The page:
Storm Stories: Stranded in New York City
Holiday Blizzard 2010 Traveler Woes
© Lisi Niesner / Reuters
When New York City’s sixth-largest snowstorm in history dumped 20 inches on Central Park on Sunday and Monday and sent gusts swirling up to 60 miles per hour at LaGuardia and Kennedy airports, it forced the city’s three major local airports (including Newark) to shut down for nearly 24 hours.
Steve Coleman, a spokesman for the Port Authority of New York and New Jersey, which operates the three airports, said it was the longest simultaneous weather-related airport closure he could remember in his 11 years at the agency.
“Usually it’s only a few hours,” Mubarak Alnuwaif, a Kuwait Airways pilot who had been holed up at the Hilton New York in midtown Manhattan since Sunday, said of airport closures in New York City while his luggage remained at the airport. “We have no clothes; just the uniform,” he said, explaining why he wasn’t outside enjoying the winter wonderland.
Luggage was no problem for Uruguay-bound passenger Maria Isola who was surrounded by a half-dozen suitcases and a flat screen TV box one block away in the lobby of the Sheraton New York Hotel & Towers. Isola and her five relatives, who had dashed out for a meal, had been trying to return to Montevideo since Sunday.
“I’m furious,” Isola said, after she said Delta Airlines told her no seats would be available until Friday. “I told them I’d speak to a lawyer, and they didn’t give me a solution.”
Across the Sheraton lobby near the reservation desk, Pablo Hiriart and his son Pedro said they had been to JFK Airport twice in two days with hopes of returning to Mexico City. They spent Sunday night crammed into a studio apartment in the East Village, compliments of Hiriart’s other son who attends cooking school in Manhattan. The Hiriarts had no problem booking a room at the Sheraton for Monday, but by then Pedro’s father changed AeroMexico’s name to “AeroMaybe.”
Travelers with domestic flights were not immune to the hassles. Two members of the Rutgers University men’s basketball team coaching staff deliberated at another midtown hotel, the Hilton New York on 6th Avenue, about how to rescue their starting point guard, James Beatty, from a North Carolina airport in time for their televised game against North Carolina on Tuesday night at Madison Square Garden. Beatty was home visiting family during a holiday break.
“We want to win, said Brad Wachtel, a Rutgers assistant coach. “We just hope we can get all our players.”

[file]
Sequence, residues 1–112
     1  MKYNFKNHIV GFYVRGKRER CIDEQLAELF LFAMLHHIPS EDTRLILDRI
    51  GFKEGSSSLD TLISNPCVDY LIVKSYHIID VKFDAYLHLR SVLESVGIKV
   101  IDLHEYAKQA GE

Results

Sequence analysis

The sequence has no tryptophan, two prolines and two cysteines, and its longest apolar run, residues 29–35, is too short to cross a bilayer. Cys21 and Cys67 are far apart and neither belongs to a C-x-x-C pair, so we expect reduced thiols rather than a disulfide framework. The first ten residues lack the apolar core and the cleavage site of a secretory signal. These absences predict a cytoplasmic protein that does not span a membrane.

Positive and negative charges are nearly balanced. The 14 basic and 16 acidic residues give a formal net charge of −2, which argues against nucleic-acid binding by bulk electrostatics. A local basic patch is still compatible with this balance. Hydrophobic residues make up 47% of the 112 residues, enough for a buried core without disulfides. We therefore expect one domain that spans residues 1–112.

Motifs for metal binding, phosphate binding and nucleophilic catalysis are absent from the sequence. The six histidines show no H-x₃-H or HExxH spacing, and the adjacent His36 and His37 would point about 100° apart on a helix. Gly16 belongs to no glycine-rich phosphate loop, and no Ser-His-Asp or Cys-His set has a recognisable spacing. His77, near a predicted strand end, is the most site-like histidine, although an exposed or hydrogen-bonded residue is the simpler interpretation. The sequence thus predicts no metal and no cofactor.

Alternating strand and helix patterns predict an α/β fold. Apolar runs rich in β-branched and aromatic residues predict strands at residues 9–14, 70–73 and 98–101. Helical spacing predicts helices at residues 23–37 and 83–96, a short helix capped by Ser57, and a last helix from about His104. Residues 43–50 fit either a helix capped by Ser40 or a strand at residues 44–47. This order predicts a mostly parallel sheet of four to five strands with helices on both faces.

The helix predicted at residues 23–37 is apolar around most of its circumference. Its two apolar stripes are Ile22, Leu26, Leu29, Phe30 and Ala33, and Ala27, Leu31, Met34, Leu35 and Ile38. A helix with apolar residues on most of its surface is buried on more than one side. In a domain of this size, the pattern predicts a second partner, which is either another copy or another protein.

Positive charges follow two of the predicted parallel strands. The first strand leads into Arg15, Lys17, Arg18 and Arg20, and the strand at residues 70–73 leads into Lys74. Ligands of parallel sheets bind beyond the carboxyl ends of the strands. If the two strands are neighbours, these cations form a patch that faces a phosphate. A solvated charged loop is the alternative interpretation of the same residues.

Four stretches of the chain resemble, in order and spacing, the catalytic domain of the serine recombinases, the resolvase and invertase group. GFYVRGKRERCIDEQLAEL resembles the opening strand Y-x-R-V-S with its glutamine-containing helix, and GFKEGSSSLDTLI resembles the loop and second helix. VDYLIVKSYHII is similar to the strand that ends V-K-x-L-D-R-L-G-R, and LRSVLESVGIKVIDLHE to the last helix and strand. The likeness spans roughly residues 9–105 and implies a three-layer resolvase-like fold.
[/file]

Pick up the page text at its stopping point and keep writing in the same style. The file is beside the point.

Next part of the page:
Beatty joined the team around 3 a.m. Tuesday after flying to Philadelphia, taking a car service to New Jersey where he met a Rutgers coach who drove him to the team hotel in New York City.
British honeymooners Joanne and Matthew Williams made the best of it. They were among the first to fly out of Heathrow Airport last week after five inches of snow paralyzed London for four days. “Because of the public backlash [about Heathrow], we re-booked at no additional cost on British Airways,” Joanne Williams said.
Some who drove to New York City endured some weather-related struggles. At the Comfort Inn on the Upper West Side, Sukhbir Bhardwaj’s grey Nissan remained stuck in the middle of West 71st Street for seven hours on Monday. “This should be nothing,” said the Canadian. “In Toronto, they’re so organized, the streets would be plowed by now.”
His marooned car cost him an extra night at the hotel on Monday. The hotel staff found a tow truck that would only take cash to pull the car to the nearest plowed street. “Two hundred fifty dollars to go half a block,” Bhardwaj said, shaking his head.
Another Canadian, who only give her name as Joanne, drove from Montreal to Manhattan on Sunday to sightsee despite blizzard warnings. “Pffft, it doesn’t bother us,” she said as she walked into the Comfort Inn where she was spending the night. “But I’m surprised there are only people sweeping and putting salt on top of the snow, instead of removing the snow.”
As the travel crapshoot continued into the workweek, Alnuwaif, the Kuwait Airways pilot, optimistically boarded a shuttle on Monday back to JFK with hopes of a 9:00 p.m. departure and what he hoped would be a reunion with his luggage and a change of clothes. Even if there were to be additional delays, it would not be enough to keep him out of New York City for work in the near future. “I have to come back [here] Friday,” he said.